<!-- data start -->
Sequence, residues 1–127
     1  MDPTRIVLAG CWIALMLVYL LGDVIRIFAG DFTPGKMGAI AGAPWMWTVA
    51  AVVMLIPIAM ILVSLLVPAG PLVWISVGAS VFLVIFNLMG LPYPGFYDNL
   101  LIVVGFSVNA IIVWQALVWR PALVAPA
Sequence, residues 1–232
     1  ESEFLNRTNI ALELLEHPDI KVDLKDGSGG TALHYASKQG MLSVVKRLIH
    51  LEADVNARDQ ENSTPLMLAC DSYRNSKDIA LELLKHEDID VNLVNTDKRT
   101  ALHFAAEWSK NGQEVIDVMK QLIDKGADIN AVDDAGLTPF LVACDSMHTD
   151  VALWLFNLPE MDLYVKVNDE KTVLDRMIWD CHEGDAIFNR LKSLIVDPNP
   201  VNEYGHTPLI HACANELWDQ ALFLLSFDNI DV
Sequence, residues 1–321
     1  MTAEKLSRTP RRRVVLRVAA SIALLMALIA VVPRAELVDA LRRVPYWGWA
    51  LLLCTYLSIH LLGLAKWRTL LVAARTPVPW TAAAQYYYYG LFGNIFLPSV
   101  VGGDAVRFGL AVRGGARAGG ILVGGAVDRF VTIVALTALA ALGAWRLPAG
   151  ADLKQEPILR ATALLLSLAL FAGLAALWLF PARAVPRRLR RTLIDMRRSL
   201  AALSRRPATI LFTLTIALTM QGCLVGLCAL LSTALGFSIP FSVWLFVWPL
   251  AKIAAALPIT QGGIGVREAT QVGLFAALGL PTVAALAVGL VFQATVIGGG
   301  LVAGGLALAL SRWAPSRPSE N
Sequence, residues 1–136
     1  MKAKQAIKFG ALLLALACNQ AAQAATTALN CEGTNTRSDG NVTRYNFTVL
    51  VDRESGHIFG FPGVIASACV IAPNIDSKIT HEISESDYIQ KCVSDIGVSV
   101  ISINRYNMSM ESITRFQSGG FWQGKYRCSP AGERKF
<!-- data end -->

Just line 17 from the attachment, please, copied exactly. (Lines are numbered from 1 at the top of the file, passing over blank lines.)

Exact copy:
   251  AKIAAALPIT QGGIGVREAT QVGLFAALGL PTVAALAVGL VFQATVIGGG